Seeing the “40th Anniversary” cover of MLO
in October reminded us that with the first issue in 1969, Chuck had
already been working as a phlebotomist for two years. The lab was a
different world then. In most labs not only were eating, drinking, and
allowed while processing specimens, but if you did not dine there, you
probably went hungry. Forget using purifying bleach that left counter
surfaces dull; some labs used furniture or metal polish. Many lab techs
got their intro to the lab as phlebotomists, glassware washers, or media
makers. Yes, lab techs did their own phlebotomy and collected samples
for blood cultures and blood gases, performed bleeding times and
clotting times at the bedside, along with collecting blood from babies
for sweat chloride tests. In some hospitals, lab techs also performed
X-rays and assisted with cardiac catheterizations.
Lab technology was easily as much an art as a
science. We made their own bacteriology media, and odor was a
significant part of bacterial identification. In many labs, manual cell
counting for WBC, RBC, and platelets in blood was the rule rather than
the exception. Coagulation testing meant tilt-tube. Mouth pipetting was
the norm; only with WBC/RBC pipettes would tubing and a mouthpiece be
used. Many techs have tales about getting a mouthful of urine, serum,
spinal fluid, or reagent. How did we survive? The mystery is that most
of us did.
Lab techs often made their own chemistry controls
from pooled “normal” and “abnormal” sera, establishing values by running
aliquots for as many tests as appropriate. Most chemistry analyzers required
controls to be run every 10 patient samples, so a lot of controls got used.
Three items that, today, are taken for granted were
hard-fought for by lab-tech pioneers — many hospitals just did not think
that certain items were cost-effective or even necessary: 1) gloves (seldom
used unless the lab tech had a known hepatitis patient); 2) needle
boxes, especially in patient rooms (needles were recapped and later cut or
ground up to dispose of them); and 3) antihepatitis vaccinations (unless the
lab professionals wanted to pay for those themselves).
The lab was, and is, a wondrous place to work. We
have witnessed wonderful and exciting advancements during these past four
decades. The new generation of laboratorians will find this work as
challenging and rewarding as we did — and a whole lot safer.
MBA, MT(ASCP), CLDir(NCA);
and Barbara Millstein, MT-CLS(NCA), MedLabSupv(TN)
Do you know about shiga-toxin assays?
As a recently retired hospital-lab microbiology
supervisor [30+ years' to the bone yard], my concerns center around droves
of “baby boomers” following my footsteps out the door, while
well-educated-but-inexperienced techs begin filling these vacancies. This
column is dedicated to providing answers and suggesting solutions to a
variety of lab problems — and other things that just plain tick me off. What
impact will this have on patients and providers? I discovered firsthand how
diverse and inconsistent culturing and reporting practices are from one
institution to another when our lab began participating in College of
American Pathologists' site inspections.
Shiga-toxin assays: Assays for the
detection of shiga-toxin-producing Escherichiae coli have been around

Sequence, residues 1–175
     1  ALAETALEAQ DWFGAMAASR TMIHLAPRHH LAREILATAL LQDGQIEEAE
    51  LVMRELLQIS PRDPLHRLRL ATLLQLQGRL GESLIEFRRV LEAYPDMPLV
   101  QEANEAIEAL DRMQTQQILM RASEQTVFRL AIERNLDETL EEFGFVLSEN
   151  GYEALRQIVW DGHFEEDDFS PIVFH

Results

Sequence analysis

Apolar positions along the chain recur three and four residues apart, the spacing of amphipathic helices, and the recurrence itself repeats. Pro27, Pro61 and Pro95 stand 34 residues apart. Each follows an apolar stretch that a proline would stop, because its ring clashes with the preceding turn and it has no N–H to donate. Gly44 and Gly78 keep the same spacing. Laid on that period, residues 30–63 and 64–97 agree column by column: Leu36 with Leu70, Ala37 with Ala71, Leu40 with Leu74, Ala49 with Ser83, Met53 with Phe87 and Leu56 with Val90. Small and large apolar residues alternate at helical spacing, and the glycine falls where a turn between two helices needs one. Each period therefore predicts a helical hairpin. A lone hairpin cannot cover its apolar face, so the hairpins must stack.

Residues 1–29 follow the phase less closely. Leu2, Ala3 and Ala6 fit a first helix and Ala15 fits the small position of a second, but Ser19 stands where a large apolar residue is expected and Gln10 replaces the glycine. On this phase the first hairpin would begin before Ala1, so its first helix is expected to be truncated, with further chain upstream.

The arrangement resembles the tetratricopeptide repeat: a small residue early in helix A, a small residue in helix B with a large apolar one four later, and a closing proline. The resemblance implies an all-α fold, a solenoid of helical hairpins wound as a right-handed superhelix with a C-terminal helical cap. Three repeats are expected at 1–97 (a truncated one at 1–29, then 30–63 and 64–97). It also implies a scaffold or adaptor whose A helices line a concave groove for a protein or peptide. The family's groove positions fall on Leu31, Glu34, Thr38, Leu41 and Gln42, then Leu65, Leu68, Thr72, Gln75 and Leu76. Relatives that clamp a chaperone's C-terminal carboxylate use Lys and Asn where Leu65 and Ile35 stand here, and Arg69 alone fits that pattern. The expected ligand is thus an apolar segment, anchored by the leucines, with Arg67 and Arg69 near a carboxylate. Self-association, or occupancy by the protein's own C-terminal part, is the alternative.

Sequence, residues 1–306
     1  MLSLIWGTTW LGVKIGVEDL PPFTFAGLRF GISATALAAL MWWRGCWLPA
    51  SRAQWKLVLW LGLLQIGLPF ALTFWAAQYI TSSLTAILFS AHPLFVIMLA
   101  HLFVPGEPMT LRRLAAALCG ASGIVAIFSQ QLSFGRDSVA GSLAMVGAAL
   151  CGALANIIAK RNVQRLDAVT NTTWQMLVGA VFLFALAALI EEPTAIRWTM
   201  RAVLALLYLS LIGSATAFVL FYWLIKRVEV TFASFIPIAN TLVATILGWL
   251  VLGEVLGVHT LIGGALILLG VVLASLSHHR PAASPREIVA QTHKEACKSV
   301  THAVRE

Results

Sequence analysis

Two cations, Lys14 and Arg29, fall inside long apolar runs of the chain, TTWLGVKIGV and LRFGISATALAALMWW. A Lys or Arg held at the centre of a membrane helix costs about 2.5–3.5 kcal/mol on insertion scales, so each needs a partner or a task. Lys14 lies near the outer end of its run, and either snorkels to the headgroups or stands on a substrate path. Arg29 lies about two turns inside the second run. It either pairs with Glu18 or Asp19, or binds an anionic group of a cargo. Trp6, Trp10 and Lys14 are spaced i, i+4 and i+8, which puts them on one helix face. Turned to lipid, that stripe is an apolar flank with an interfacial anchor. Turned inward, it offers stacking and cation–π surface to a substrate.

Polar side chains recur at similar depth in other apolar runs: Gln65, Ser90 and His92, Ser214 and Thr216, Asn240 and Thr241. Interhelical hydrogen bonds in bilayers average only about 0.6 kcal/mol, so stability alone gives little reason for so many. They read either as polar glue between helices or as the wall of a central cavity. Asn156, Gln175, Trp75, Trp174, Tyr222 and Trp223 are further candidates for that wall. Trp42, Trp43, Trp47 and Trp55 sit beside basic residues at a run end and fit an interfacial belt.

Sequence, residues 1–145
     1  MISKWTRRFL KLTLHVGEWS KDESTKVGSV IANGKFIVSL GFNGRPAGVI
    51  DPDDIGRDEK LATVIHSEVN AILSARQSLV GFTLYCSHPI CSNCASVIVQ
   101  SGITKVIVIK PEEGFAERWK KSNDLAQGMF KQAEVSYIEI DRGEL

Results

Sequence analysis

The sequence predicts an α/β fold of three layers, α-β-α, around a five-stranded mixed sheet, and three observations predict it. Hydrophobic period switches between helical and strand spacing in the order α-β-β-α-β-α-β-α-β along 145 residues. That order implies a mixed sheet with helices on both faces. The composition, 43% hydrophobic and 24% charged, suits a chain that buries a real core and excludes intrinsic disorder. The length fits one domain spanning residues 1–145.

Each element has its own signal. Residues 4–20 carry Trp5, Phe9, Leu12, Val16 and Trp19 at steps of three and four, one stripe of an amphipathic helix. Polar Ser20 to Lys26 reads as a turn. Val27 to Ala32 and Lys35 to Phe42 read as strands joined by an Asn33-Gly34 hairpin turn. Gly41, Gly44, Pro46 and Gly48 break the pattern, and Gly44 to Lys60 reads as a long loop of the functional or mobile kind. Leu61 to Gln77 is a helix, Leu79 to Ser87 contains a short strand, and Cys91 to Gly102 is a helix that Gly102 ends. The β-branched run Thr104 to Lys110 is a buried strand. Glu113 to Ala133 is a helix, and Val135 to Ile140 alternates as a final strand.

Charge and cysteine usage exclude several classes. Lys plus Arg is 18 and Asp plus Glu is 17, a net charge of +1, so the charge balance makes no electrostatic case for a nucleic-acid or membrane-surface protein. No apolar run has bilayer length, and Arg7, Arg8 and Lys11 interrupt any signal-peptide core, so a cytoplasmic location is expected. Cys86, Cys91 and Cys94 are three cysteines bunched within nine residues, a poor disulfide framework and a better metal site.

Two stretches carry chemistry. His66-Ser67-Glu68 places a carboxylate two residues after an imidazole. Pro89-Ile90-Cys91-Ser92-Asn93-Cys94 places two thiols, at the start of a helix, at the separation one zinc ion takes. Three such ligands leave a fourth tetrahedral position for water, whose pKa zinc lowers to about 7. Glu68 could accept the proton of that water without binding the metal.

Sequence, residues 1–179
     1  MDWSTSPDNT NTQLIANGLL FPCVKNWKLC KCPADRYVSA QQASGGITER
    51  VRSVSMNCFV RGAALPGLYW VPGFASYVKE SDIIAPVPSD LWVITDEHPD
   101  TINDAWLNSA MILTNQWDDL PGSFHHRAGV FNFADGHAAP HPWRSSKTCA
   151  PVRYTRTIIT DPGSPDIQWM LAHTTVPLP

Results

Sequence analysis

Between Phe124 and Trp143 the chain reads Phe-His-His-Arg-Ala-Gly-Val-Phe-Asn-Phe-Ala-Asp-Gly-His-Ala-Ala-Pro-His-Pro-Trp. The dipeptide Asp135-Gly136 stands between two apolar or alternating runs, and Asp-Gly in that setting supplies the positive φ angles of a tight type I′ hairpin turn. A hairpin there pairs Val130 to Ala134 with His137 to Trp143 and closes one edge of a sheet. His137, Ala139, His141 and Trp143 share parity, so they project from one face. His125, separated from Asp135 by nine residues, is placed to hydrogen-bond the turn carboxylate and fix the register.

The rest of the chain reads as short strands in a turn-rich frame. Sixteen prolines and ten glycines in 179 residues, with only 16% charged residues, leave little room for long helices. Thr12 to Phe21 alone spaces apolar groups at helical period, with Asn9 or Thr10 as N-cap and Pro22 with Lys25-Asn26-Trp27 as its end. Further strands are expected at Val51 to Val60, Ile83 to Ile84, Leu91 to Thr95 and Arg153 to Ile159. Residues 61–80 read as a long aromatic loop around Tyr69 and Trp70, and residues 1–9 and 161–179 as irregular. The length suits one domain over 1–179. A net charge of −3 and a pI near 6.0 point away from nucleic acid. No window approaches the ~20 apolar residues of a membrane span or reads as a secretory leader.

for several years, yet many microbiology labs have not incorporated this
test into their routine stool-culture batteries. Amazingly, it has taken a
long time to get labs to even culture for the most common of the shiga-toxin
producers, E coli O157:H7.
Enterohemorrhagic Escherichiae coli (EHEC)
produce two potent cytotoxins called shiga-like toxins (SLT). These
cytotoxins are produced not only by E coli O157:H7 but also by other
serotypes. Studies have shown that an EIA (enzyme-linked immunoassay) for
EHEC detects approximately 40% more EHEC O157:H7 than does conventional
culture and also is able to detect 20% more shiga-toxin-producing E coli
that are non-O157:H7. I believe it.
In my lab, we gathered our own in-house data to
decide for ourselves the value of the shiga-toxin assay. We sent all
specimens positive by the shiga-toxin assay to our state health department
for confirmation and serotyping. Only 50% were confirmed as E coli
O157:H7. The other half were non-O157:H7 serotypes or non-typeable strains
of shiga-toxin-producing E coli. This was a no-brainer.
Consider the repercussions of missing a shiga-toxin-producing
E coli, in this age of antibiotic overuse. Providers are too quick to
start an antibiotic regimen on patients with acute gastrointestinal illness
before lab results are available. Treating a patient infected with a shiga-toxin-producing
E coli with antibiotics can literally shut down the kidneys! Renal
failure is life threatening, especially in the very young.
Want to hear some really interesting excuses for not
incorporating the shiga-toxin assay into the stool-culture battery? “How do
we bill for this?” My answer: Look in your codebooks; it is there.
“Why do we not see this organism in our lab?” you ask. “How do you know if
you do not do the test?”This test should be an integral part
of the stool-culture battery, not an orderable test. Whether this test
should be done should not be left up to the provider. It should replace
specific plating media and latex serotyping kits for E coli O157:H7.
To emphasize the importance of detecting and reporting shiga-toxin-producing
strains of E coli, we always add a comment to a positive result:
Stool specimen positive for shiga toxins:
Antimicrobial agents should not be used to treat shiga-toxin-producing E
coli. There is no evidence that the use of antimicrobial agents will
change the course of disease or is beneficial in any way. Moreover,
antibiotic therapy may result in the release of more toxins from the
bacteria and contribute to hemolytic uremic syndrome. Antimicrobial therapy
does not accelerate recovery.
Gannon, MT(AMT) HEW
the “Nancy Grace” for labs